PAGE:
Kaala in deep waters

Thalaiva’s blockbuster Kaala has hit choppy waters in the state. Slated to release on June 7, fans have been awaiting superstar Rajinikanth’s latest film with bated breath. With the film banned from release owing to what is being interpreted as universal anger against Rajinikanth, after his comments on the Cauvery water dispute between Karnataka and Tamil Nadu, pro-Karnataka organisations had pressured the KFCC for a ban. They had argued that Rajinikanth had taken an anti-Karnataka stand on the Cauvery issue. The actor/politician’s alleged statement earlier, “Whichever government comes to power in Karnataka should implement the Supreme Court order about Cauvery water sharing,” is at the heart of the ban. The Kannada film industry speaks about the issue and what lies ahead for Kaala, which has entered its own ‘black’ phase even before its release.

The Rajini-starrer, which sees the Thalaiva playing a good Samaritan seeking justice against the atrocities of a landlord played by Nana Patekar, is a no-show in Karnataka. 

Throughout history, icons have supported causes, and been instrumental in bringing the cause to the fore. Director Indrajit Lankesh is a huge fan of Rajnikanth, but he feels that one should not mix politics with entertainment, “Rajnikanth is a star actor, and I am a huge fan of his. But as a politician, what has he done for the people of Karnataka and Tamil Nadu other than entertain? Has he come forward and solved the problems of the people? He has never gone on to the streets and protested or worked towards their welfare. He has enjoyed being a star. He has enjoyed all the facilities a star has. Now, out the blue, he wants to be a politician and play with the sentiments of the people, I think what the KFCC has done is justified. The people of Karnataka and the farmers have been suffering for decades. I think the move is justified as it just a film that is being released, and he has to be answerable to the people of Karnataka as he has got fans here. Fans feel proud that he is such a big star in the Tamil film industry. But going against them as a politician is seeing which side of  the bread is buttered. I feel it’s fair that Kannadigas are protesting and banning his film.” 

Politics and cinema have always had a tentative connect. Director KM Chaitanya feels, “Combining politics with cinema is something that has been done for a long while. When a film actor acts, there is no issue but the minute he takes a political stand, he has supporters and followers who go by what he says. And if what he has said is against the Kannada interest then it is wrong. I feel that if you speak against Kannada, then one should not expect money from the people as well. We have our own self-respect and dignity. If anyone respects us, and gives us what is due, we are okay. Kannadigas are known to be very hospitable and generous people who don’t take offense needlessly. If what he has said is against the Kannada interest, then I think the chamber would have reacted to it on behalf of the Kannada industry. Of course, there is always the court route. The release and non-release of films or anything that happens in the country comes under the court’s purview. So what the court decides will be the final. Ka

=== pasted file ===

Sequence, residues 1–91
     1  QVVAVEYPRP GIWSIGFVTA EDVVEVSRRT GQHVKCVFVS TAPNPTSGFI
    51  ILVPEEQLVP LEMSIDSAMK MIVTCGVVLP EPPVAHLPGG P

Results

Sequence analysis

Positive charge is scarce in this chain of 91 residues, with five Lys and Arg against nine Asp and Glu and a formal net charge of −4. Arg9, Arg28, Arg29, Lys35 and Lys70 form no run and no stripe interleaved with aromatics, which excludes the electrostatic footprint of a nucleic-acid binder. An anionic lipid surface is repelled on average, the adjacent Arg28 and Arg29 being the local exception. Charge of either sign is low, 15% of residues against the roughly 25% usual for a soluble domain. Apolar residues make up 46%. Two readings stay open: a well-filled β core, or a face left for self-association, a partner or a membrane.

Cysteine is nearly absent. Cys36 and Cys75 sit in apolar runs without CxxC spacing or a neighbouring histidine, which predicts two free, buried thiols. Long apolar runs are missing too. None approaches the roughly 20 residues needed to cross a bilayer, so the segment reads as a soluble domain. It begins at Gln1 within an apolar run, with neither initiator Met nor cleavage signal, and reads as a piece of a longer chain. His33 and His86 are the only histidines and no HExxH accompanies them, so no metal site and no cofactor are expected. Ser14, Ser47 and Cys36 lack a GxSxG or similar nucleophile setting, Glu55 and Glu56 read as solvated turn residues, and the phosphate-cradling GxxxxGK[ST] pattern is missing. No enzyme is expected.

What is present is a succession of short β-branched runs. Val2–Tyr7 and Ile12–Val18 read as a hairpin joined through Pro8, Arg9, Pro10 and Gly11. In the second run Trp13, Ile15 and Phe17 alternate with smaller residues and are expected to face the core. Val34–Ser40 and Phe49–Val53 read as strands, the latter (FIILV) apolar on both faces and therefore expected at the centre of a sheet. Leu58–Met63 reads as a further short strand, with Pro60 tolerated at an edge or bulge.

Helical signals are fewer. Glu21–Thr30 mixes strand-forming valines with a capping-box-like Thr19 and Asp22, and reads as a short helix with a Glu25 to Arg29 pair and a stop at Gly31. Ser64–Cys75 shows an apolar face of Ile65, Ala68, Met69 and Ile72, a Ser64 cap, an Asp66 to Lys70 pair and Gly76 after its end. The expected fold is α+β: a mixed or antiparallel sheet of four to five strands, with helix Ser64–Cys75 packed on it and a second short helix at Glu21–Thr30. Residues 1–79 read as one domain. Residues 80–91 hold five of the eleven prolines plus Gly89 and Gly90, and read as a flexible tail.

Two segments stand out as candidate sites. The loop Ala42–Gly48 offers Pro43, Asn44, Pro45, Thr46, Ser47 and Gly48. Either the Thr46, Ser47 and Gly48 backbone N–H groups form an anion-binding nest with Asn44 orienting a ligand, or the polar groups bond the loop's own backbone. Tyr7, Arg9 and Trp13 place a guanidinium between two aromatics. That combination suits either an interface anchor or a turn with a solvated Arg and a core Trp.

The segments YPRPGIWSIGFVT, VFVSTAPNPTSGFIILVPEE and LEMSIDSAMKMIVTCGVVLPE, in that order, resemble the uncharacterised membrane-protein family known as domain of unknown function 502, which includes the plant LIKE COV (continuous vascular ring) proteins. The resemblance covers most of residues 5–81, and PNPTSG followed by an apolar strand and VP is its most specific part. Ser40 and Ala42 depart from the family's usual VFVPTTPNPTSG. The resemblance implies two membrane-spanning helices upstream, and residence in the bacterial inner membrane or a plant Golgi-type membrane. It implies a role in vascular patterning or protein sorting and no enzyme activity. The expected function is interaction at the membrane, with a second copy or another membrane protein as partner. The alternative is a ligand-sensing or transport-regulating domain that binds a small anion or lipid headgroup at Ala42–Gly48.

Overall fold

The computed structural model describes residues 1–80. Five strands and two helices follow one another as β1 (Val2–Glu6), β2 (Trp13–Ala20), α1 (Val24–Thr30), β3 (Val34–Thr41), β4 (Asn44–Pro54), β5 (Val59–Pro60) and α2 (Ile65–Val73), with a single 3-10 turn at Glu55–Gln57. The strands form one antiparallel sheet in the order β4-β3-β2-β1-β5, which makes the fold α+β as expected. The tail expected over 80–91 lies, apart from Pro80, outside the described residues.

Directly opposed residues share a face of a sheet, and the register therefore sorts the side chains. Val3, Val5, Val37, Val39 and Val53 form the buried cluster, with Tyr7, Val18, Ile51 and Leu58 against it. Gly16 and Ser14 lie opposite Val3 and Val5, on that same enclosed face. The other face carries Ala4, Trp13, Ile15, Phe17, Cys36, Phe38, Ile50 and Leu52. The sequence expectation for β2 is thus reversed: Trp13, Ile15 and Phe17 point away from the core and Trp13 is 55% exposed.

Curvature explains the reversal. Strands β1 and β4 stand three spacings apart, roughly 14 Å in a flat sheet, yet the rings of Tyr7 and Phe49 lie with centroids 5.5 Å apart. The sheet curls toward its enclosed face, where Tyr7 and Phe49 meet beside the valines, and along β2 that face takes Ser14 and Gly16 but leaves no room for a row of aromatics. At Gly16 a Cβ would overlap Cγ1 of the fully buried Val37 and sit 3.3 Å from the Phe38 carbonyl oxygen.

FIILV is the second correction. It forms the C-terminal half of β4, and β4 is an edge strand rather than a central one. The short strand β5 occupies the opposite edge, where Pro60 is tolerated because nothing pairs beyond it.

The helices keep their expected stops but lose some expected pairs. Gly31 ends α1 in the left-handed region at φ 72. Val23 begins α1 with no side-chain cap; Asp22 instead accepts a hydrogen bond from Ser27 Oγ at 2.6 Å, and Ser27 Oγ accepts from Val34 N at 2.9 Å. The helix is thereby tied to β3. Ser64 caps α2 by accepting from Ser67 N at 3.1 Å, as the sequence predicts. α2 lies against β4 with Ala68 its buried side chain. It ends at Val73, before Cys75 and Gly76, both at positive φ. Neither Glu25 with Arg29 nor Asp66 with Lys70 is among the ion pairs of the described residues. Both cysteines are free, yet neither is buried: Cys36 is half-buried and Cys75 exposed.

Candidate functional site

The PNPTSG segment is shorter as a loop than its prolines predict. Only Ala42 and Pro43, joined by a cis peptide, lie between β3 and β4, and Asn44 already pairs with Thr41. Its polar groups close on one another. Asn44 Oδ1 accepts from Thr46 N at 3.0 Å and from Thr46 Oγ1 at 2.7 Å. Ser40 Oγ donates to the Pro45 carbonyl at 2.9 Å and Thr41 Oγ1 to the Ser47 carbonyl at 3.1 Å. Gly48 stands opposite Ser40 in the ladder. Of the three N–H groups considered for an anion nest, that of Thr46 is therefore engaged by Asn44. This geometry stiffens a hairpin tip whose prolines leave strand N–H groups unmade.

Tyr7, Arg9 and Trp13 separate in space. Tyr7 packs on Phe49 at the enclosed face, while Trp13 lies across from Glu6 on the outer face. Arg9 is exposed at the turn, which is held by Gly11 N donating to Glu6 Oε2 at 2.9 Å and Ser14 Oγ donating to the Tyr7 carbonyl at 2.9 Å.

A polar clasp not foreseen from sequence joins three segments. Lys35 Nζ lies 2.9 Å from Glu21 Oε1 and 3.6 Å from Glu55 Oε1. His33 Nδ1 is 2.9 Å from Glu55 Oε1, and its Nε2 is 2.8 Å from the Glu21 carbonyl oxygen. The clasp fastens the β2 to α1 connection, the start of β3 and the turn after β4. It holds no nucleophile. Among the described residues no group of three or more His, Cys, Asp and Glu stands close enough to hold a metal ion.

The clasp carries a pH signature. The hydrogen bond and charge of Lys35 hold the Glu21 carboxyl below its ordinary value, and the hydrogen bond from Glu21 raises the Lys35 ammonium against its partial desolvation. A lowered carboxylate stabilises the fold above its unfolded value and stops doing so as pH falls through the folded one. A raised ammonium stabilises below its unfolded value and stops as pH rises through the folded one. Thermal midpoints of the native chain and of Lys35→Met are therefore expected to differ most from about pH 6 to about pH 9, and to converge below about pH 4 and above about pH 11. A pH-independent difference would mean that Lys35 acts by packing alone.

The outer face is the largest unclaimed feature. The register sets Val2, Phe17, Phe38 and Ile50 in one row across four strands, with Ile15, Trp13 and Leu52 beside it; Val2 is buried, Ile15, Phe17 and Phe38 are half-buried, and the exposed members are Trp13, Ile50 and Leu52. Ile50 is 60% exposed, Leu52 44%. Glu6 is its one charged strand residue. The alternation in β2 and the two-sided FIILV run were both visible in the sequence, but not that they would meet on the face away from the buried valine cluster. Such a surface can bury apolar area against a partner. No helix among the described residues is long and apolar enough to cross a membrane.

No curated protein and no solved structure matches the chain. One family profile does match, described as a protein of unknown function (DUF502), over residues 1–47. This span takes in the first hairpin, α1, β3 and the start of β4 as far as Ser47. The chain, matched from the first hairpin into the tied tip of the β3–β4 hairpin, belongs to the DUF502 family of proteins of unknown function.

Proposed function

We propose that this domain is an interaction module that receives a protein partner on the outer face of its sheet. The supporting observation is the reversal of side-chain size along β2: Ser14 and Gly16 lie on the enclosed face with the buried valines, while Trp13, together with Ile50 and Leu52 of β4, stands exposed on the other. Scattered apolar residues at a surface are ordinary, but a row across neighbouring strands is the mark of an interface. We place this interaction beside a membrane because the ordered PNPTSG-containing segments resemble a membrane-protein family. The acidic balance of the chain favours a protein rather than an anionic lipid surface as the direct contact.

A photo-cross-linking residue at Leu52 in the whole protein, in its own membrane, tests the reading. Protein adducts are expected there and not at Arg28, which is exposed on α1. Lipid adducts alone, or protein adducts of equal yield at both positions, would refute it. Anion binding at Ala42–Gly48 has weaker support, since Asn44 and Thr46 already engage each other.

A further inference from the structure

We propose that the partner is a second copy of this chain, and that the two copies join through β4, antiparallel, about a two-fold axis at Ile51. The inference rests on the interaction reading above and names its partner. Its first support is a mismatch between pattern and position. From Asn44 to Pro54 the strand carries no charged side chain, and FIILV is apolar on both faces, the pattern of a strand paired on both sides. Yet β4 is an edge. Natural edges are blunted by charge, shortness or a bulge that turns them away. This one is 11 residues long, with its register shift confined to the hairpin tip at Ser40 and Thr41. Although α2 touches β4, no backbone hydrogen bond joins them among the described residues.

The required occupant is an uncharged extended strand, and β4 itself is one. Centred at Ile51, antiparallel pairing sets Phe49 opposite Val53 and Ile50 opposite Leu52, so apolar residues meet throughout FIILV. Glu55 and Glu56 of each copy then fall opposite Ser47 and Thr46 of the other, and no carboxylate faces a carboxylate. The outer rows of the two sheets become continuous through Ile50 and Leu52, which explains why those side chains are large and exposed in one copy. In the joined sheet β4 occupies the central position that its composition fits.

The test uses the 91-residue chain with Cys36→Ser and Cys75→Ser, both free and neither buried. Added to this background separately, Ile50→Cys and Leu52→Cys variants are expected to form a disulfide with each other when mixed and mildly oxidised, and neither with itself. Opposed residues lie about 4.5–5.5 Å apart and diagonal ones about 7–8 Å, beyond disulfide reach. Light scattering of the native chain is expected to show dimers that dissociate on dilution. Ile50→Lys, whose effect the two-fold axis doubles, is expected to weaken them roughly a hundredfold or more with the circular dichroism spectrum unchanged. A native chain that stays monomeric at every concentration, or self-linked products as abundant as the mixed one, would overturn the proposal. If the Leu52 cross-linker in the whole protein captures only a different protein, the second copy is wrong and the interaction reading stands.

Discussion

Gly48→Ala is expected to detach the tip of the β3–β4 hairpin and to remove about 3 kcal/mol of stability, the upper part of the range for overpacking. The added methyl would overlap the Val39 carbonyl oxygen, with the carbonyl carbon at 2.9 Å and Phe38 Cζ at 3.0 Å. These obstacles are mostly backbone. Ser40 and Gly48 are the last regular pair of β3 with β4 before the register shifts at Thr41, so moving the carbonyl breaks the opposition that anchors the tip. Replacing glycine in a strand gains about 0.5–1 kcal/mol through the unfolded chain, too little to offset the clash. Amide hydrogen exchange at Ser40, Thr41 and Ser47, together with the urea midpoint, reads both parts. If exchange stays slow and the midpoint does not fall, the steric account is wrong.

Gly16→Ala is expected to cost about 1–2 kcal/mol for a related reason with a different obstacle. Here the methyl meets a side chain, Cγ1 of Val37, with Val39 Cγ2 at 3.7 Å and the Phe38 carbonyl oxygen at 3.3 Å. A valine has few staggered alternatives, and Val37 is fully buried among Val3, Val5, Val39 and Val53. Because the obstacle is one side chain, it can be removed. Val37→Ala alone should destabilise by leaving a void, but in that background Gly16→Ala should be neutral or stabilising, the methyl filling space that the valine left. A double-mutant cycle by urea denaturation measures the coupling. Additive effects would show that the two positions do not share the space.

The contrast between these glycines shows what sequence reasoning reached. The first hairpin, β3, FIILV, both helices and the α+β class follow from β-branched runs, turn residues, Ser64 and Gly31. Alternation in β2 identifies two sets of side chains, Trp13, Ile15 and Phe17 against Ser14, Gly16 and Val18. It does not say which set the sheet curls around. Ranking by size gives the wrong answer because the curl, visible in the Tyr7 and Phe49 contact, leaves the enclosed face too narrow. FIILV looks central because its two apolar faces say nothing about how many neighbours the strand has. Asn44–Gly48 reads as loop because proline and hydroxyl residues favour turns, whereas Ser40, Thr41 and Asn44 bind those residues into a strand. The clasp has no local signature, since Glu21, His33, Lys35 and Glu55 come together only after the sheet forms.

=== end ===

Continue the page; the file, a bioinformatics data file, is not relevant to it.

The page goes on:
rnataka is a big market and I am sure that it will affect profits. What he expects to get from the state will definitely take a beating.”

With this ban, the livelihood of many people connected to the film will be affected. Actor Chetan Kumar feels that the crew should not be affected, “Although, I don’t know the details, there are hundreds of people involved in the making of a film. I don’t believe the politics of the lead actor should be a factor in banning a film. A film is a livelihood for many, technicians, who are more responsible for the film’s success or failure. Just because of a political inclination of one person goes against the interests of certain people in  Karnataka who claim to have fought hundreds of questionable issues in the past, I don’t think the film chamber should ban it. There is definitely something wrong here. This doesn’t mean that I agree with whatever Rajnikanth said. I think people who have a problem with his speech should realise he made it not as a part of the film, but as an independent person.” 

Sa Ra Govindu, KFCC Chairperson avers, “Over 50 pro-Karnataka organisations have asked to stop the release of Kaala in the state. Rajnikanth wanted the Central government to organise the Cauvery Tribunal Board, which was against what these organisations wanted. This was why they asked for a ban.” 

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